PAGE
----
Five Things to Know in Florida for June 23

FLORIDA CLASH OVER CONFEDERATE STREET NAMES LEADS TO ARRESTS

News outlets report five protesters were charged with disrupting the Hollywood commission meeting Wednesday night. The disagreement involves three streets — Lee Street, named after Confederate Gen. Robert E. Lee; Hood Street, named after Gen. John Bell Hood; and Forrest Street, named after Confederate general and Ku Klux Klan member Nathan Bedford Forrest.

TEXAS SIBLINGS DROWN IN FLORIDA POOL DURING CHURCH OUTING

Bystanders pulled 17-year-old Kesha Greco and her 12-year-old brother, Sebastano, from the Clarion Inn and Conference Center pool in Brandon on Sunday afternoon. Their parents, Kelly and Monique Greco, told Hillsborough County Sheriff’s officials that both children could tread water but weren’t strong swimmers. The family is from Dallas and had traveled to Florida with the New Life Church of North Texas.

WOMAN DENIED BOND IN CRASH THAT KILLED FLORIDA OFFICER

Judge Mark Jones told 32-year-old Lacy Marie Morris that she’s “no stranger to violating court orders” during a hearing Thursday in Key West. Authorities say Morris turned in front of a scooter driven by 40-year-old Delray Beach officer Christine Braswell on April 8. The Palm Beach Post reports Morris faces a DUI manslaughter charge. Morris has a history of drug-related arrests in the past decade.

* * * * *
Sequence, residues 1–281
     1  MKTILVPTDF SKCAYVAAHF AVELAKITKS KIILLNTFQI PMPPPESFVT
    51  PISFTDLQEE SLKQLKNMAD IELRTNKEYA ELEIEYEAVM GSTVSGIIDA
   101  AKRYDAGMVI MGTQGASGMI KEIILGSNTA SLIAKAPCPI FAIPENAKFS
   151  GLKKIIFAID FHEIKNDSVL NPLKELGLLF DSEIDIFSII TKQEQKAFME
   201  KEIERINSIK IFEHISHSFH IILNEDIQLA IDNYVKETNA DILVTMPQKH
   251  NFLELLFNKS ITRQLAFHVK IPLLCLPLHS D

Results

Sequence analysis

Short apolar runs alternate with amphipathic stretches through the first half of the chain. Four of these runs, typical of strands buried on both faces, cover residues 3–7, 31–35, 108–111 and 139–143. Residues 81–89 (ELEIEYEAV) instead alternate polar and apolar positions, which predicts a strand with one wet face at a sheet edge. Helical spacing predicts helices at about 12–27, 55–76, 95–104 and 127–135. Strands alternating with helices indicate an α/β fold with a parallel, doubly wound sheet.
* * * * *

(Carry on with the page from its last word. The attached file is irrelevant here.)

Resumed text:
INDEPENDENT POLICE REVIEW PANEL CAN’T SUBPOENA OFFICERS

Thursday’s Florida Supreme Court ruling says that state law only gives the right to interrogate officers to the departments where they work. That means the Miami Civilian Investigative Panel can’t force officers to testify during complaint reviews. The case involves a Miami police lieutenant who challenged a subpoena to appear before the panel as it investigated a complaint arising from a traffic stop.

FLORIDA DOCTOR ACCUSED OF ILLEGALLY DISTRIBUTING PILLS

Dr. Williem Ouw faces 10 federal charges of conspiracy and attempting to dispense prescription drugs. Investigators say Ouw and three employees at a Florida medical center were involved in the conspiracy. They issued prescriptions for more than 400,000 oxycodone pills, more than 16,000 amphetamine pills and 64,000 morphine pills.

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